The Difference Between Alex Jones and Your Uncle

“QAnon at Virginia 2nd Amendment Rally (2020 Jan)” by Anthony Crider is licensed under CC BY 2.0.

This past summer, I was headed to a friend’s family BBQ, sitting shotgun with a bowl of potato salad in my lap. He was giving me the rundown on who would be there: His cousin who just returned from a mysterious weekend trip to Ottawa that turned into three years, his brother’s new girlfriend who hated his kids, his mom who would laden us with leftovers as we tried to leave. “Try not to engage with my uncle,” he said. “He’s an Alex Jones type.”

This summer, Alex Jones was ordered to pay $45.2 million for defaming the Sandy Hook victims’ families and spreading fraudulent theories that the shooting had been part of a government plot to confiscate Americans’ firearms. Many hope that this large settlement could chip away at the disinformation empire built by Jones and truncate its reach.

Jones began his personality-driven career in the mid-90’s, launching Infowars and it’s connected programming in the early 2000’s. He’s promoted conspiracy theories around the Oklahoma City bombing, Waco, 9/11, President Obama’s birth certificate, the moon landing, and, well, just about everything else. He’s not very discerning.

By 2017, the Infowars website was getting more than 10 million monthly views, far more than most mainstream news websites (Quantcast, Dec 2017). When Trump was elected in 2016, Jones’ radio show was syndicated to 129 stations with 5 million daily listeners and his video streams were reaching 80 million viewers every month (Washington Post, Nov 2016). Even as Facebook, YouTube, and other platforms have removed his content for terms of service violations, Jones continues to be promoted by everyone from Roger Stone to the internet’s ubiquitous Russian bots.

The impact reaches beyond theatrics. Not only did misinformation and disinformation cause countless avoidable pandemic deaths, but it also sank the United States below Argentina and Mongolia on the rankings of stable democracies (Freedom House, 2021). Furthermore, on the receiving end of Jones’ media antics are millions and millions of very real families like my friend’s who are navigating losing their loved one’s minds to conspiracy theories and disinformation.

But there is a major difference between Alex Jones and my friend’s annoying uncle: $270 million.

Alex Jones is worth between $135 and $270 million dollars (CNN, Aug 2022), but he has been busy hiding and transferring assets during the Sandy Hook trials. He has moved multiple properties to his current wife while his company, Free Speech Systems, has been transferring up to $11,000 a day to PQPR, a company owned by his parents (CNN, Aug 2022).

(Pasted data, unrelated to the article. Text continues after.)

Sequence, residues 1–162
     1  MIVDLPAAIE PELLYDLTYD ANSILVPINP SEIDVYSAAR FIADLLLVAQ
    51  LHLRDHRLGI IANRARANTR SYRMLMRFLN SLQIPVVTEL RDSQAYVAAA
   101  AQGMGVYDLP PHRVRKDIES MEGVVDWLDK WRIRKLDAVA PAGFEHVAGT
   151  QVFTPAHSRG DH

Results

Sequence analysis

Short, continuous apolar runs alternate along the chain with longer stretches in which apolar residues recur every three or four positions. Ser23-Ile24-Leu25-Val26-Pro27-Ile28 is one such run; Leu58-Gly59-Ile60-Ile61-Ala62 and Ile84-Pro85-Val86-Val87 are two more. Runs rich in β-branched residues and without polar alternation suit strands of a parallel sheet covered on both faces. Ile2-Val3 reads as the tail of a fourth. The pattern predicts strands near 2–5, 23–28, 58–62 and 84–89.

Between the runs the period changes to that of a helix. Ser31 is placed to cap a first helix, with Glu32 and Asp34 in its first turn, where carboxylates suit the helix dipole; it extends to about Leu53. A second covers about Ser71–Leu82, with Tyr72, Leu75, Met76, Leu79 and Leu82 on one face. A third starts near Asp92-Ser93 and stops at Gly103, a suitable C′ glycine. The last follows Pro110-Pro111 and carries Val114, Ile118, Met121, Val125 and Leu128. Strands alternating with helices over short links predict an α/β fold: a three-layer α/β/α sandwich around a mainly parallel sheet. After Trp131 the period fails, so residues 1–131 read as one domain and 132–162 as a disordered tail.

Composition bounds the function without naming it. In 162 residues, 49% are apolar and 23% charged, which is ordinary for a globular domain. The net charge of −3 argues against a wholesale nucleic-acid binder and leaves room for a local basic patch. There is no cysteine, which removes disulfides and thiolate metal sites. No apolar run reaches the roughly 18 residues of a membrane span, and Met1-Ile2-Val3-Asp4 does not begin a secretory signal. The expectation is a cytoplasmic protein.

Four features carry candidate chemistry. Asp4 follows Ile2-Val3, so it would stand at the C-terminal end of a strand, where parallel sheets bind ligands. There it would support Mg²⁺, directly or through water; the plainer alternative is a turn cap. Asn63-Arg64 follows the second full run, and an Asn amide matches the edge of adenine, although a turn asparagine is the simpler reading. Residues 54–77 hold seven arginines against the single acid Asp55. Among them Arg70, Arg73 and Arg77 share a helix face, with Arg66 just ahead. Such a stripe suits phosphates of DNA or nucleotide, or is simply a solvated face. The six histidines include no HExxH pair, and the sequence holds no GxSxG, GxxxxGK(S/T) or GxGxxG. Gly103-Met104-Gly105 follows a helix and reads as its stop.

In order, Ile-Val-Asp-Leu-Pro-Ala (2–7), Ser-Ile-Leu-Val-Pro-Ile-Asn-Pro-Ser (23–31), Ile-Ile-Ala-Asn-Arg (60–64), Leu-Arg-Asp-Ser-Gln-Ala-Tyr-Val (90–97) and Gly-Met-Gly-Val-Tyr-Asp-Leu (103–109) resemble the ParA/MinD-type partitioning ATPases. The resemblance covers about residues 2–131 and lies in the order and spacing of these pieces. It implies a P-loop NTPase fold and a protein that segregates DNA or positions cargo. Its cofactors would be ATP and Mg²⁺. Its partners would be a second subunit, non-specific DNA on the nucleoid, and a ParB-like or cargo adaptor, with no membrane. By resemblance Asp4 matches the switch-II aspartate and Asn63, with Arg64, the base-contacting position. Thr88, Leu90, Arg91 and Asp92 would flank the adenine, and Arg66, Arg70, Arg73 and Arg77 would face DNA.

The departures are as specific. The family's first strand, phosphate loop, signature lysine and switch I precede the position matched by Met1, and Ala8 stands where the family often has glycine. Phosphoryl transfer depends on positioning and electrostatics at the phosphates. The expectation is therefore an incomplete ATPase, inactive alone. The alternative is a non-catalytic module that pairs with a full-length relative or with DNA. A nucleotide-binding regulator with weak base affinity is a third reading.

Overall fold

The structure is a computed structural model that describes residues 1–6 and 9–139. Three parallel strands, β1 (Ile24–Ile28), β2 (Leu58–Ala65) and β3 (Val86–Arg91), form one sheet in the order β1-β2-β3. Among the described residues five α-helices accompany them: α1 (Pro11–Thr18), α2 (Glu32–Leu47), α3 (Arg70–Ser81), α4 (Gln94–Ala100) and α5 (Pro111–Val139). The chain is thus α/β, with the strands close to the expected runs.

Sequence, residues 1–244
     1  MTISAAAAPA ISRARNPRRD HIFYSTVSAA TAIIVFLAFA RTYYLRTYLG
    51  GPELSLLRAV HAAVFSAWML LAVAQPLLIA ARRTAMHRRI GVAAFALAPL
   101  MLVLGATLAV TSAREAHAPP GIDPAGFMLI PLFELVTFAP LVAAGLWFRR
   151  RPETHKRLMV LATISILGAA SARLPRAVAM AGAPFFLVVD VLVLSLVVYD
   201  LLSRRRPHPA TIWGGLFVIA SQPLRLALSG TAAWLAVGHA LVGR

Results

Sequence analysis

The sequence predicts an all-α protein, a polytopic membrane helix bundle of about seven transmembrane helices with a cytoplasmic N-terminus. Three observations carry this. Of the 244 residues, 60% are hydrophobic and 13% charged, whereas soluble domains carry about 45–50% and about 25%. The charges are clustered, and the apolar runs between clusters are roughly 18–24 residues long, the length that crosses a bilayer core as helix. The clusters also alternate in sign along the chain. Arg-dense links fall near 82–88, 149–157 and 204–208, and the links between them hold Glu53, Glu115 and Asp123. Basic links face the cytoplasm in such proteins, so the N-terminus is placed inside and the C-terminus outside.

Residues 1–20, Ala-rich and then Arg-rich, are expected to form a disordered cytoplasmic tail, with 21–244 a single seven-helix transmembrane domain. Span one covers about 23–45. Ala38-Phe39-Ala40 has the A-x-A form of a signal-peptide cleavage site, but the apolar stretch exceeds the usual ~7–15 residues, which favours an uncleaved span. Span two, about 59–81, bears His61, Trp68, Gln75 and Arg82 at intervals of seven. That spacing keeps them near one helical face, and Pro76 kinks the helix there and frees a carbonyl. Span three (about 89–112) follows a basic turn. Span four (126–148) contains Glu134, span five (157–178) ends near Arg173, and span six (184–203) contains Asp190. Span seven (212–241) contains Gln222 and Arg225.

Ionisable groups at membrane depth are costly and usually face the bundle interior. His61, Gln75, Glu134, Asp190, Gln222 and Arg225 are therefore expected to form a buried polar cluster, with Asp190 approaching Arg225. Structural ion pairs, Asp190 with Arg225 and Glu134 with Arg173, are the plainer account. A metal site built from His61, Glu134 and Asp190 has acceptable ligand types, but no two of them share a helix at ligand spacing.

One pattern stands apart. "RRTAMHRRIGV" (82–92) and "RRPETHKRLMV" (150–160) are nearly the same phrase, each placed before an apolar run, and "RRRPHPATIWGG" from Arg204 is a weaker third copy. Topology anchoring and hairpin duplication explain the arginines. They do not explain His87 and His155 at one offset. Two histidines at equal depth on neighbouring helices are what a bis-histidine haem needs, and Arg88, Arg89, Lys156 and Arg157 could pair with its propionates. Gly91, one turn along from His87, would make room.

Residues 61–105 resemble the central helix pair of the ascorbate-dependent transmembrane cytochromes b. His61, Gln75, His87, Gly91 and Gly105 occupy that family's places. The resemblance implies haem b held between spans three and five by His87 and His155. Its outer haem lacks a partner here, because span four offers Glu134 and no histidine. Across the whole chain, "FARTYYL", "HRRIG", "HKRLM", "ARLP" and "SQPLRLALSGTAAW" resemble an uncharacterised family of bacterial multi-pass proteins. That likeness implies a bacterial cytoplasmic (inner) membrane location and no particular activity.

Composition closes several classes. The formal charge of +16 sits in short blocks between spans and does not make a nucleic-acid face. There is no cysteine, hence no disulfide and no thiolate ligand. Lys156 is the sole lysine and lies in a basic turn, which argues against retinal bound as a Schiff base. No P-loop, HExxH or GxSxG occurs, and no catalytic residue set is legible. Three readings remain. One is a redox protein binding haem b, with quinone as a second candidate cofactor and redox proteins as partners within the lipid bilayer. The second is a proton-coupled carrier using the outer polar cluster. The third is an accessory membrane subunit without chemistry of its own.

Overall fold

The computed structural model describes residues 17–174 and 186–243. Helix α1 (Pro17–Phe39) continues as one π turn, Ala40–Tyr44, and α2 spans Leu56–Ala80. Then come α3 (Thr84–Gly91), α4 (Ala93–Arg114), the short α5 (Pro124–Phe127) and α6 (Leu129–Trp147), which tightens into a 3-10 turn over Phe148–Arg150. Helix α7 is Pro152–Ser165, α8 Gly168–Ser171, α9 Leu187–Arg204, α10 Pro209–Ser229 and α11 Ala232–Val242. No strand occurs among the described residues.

None of this is surprising. Infowars is built like a pyramid scheme where the currency is not free speech but Jones’ financial gain. Not only does Infowars host “money bomb” telethons (styled like a charity except donations go to a for-profit company), but they also hock a huge array of dietary supplements and prepper gear.. Beginning in September 2015, Jones made $165 million over three years from the Infowars store (Huff Post, Jan 2022). His mercantile choices are grossly transparent: Jones helps create the market for prepper gear as he actively promotes paranoia, and he is exploiting our country’s lack of affordable healthcare by peddling remedies like an old timey traveling medicine show.

Jones’ business plan is so lucrative, he’s created a blueprint for the far-right. Provocateur Mike Chernovich and Jordan Peterson have gotten into the snake oil game, and the neo-Nazi group Patriot Front charges for the stickers, flyers, and propaganda their members are required to distribute weekly to maintain good standing (The Guardian, Sept 2022). Money, not “truth bombs,” is the clear motivator for all these individuals and movements. In fact, many don’t appear to have full allegiance to their own message. Proud Boy’s leader Enrique Tarrio seems to be highly motivated to spread the group’s neo-fascist gospel all while directing people to his t-shirt line. Click on the link and you will find that he sells not only official Proud Boy merchandise, but also Black Lives Matter apparel — because no business man can resist a hot market trend.

Like all pyramid schemes, these systems exploit relationships. No mid-level-marketing venture works without manipulating someone to buy in, usually using their physical needs and vulnerabilities to get them to make the commitment. Frighteningly, this commitment for many has gone beyond just making donations or purchasing pseudo scientific remedies, and has now sent adherents to prison (Guy Reffit and many others convicted for the January 6th insurrection), or even gotten them killed (Rosanne Boyland and Ashli Babbitt).

While my friend’s uncle was indeed very annoying, I couldn’t help but feel empathy for him. As he lectured those of us standing around the pit barrel cooker about Hunter Biden’s laptop, I wondered how much money he had been grifted out of and who would do that to this otherwise very gentle seeming man? His uncle seemed lonely and vulnerable and more in need of someone to lean in and pull him out of his rabbit hole than to seal off the opening and leave him to the wolves.

I hope this upcoming election season, as misinformation and disinformation around voting, the economy, our schools and more abounds, we will engage with instead of back away from our crazy uncles. At the end of the day, the only crisis actor is Alex Jones begging his followers to keep him afloat.

The conspiracy is real– Let’s do what we can to protect each other from this harm.

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Gwen Frisbie-Fulton

Mother. Southerner. Storyteller. Bread and Roses. #race #class #poverty #gender #equity #children #egalitarianorganizing #bottomupstorytelling *views my own*